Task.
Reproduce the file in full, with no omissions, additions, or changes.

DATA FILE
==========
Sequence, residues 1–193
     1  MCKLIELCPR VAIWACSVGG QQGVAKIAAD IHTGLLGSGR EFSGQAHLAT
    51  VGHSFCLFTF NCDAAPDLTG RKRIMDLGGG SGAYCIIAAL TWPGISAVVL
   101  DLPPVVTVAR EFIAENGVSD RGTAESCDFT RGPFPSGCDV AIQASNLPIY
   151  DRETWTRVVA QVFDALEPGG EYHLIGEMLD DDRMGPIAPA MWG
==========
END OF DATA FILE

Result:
Sequence, residues 1–193
     1  MCKLIELCPR VAIWACSVGG QQGVAKIAAD IHTGLLGSGR EFSGQAHLAT
    51  VGHSFCLFTF NCDAAPDLTG RKRIMDLGGG SGAYCIIAAL TWPGISAVVL
   101  DLPPVVTVAR EFIAENGVSD RGTAESCDFT RGPFPSGCDV AIQASNLPIY
   151  DRETWTRVVA QVFDALEPGG EYHLIGEMLD DDRMGPIAPA MWG